He does succeed in at least partially conquering his inability to give himself completely to a mission: as a teacher and later headmaster of Hogwarts, he gives himself completely to the mission of teaching young wizards, and particularly teaches the responsibility of wizards to protect Muggles. His life has earmarks of a consecrated celibacy: indeed, all the teachers at the school remain unmarried in what seems to be a holdover from monastic schools. There is no hint, even veiled, that Dumbledore ever pursues another liaison with another male wizard. One could say that he lives as the Church asks those struggling with homosexuality to live: chastely.

Whatever opinions J.K. Rowling may hold at variance with Church teaching, she consistently demonstrates a respect toward her young readers when it comes to dealing with sensitive subjects. Although she does not shy away from tackling hard subjects such as death, she is more reticent than graphic when it comes to portraying sexuality. That she included a plotline involving temptation toward the gay lifestyle is unremarkable in today’s society: what is remarkable is that she did not highlight the plotline in the book in order to preach tolerance for homosexual temptations.

She would have been applauded by the publishing establishment, the political left, and the educational system for doing so: but she did not. Instead, she left the plotline so obscure that most readers never picked up on it. And it may never have come to light, had not an adult reader asked her a direct question on the topic during a forum for adults at Carnegie Hall in October.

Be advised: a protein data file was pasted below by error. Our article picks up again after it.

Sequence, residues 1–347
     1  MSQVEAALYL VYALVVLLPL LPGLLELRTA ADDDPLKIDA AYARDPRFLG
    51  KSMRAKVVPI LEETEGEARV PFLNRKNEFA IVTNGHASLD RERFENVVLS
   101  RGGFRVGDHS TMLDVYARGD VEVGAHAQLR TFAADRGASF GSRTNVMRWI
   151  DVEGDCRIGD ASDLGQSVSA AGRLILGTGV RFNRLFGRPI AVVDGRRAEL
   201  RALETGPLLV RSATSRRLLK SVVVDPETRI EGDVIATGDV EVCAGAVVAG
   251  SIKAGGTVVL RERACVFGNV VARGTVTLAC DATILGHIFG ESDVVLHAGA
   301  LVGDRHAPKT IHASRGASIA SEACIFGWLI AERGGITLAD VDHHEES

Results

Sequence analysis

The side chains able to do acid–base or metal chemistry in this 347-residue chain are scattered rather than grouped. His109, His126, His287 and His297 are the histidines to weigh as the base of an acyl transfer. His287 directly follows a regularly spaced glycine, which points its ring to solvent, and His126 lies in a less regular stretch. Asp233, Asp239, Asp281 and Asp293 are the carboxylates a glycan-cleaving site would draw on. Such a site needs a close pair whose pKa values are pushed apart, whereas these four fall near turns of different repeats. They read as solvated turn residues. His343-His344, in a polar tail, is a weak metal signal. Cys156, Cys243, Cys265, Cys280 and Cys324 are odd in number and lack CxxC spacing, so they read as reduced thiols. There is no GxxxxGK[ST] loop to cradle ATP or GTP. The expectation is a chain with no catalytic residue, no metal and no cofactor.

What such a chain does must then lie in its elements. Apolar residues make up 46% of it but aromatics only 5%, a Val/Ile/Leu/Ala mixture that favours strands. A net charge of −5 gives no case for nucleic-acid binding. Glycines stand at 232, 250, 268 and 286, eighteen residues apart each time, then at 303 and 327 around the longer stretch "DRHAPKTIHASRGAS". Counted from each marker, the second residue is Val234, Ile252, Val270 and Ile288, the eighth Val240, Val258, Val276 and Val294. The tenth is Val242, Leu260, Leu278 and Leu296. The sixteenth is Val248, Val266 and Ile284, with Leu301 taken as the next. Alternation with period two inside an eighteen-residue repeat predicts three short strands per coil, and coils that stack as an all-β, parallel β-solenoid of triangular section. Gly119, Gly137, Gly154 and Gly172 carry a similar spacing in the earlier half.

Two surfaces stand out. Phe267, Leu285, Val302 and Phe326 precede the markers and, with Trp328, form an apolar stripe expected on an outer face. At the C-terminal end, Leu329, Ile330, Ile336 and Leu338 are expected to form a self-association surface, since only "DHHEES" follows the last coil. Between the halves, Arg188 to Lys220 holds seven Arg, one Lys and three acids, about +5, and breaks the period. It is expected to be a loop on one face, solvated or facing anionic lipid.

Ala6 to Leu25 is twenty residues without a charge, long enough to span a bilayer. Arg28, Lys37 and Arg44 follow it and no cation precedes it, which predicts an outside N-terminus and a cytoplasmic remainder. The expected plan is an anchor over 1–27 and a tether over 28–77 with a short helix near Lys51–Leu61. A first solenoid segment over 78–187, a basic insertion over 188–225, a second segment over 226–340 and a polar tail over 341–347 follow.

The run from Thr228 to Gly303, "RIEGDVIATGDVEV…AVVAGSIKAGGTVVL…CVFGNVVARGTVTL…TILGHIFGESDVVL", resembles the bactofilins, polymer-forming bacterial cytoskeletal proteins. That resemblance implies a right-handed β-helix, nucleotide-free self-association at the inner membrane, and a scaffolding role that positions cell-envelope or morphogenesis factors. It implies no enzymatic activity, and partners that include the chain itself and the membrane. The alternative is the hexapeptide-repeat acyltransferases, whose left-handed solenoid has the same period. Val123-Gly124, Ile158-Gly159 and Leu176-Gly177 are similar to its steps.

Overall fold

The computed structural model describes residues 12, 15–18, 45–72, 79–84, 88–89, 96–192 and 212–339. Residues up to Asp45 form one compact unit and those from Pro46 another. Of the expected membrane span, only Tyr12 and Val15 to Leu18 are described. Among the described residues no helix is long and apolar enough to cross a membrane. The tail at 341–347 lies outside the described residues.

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  • Guest

    I have not read the Harry Potter books but often read comments on them to discuss with my 14 year old son, who has read them all.  I am sorry that this book features so much of the death themes and "bad parent" themes that run through literature that is recommended for children – such themes also run through the books on the grade school reading lists posted at our library this summer.  Is there any argument that feeding children such depressing themes is uplifting to them?  If one feels literature is only supposed to entertain, not uplift, our children, can we argue that we are entertaining them with these themes?  Whatever the point to be made about Dumbledore, this article reminds me that is sure is a tough time to be a kid, thanks to all that adults are offering them.

  • Guest

    Interesting, but not convincing.

  • Guest

    Thank you SO much for this article.

    I am sick of the Harry Potter debate, it's back and forth and back and forth… In the end, I was given the chance to read the seventh book, but the books were then banished from our household. But this article, whether my mom will think it makes a good point or not, makes me feel that the Harry Potter epoch of my childhood isn't leaving on a sour note. Smile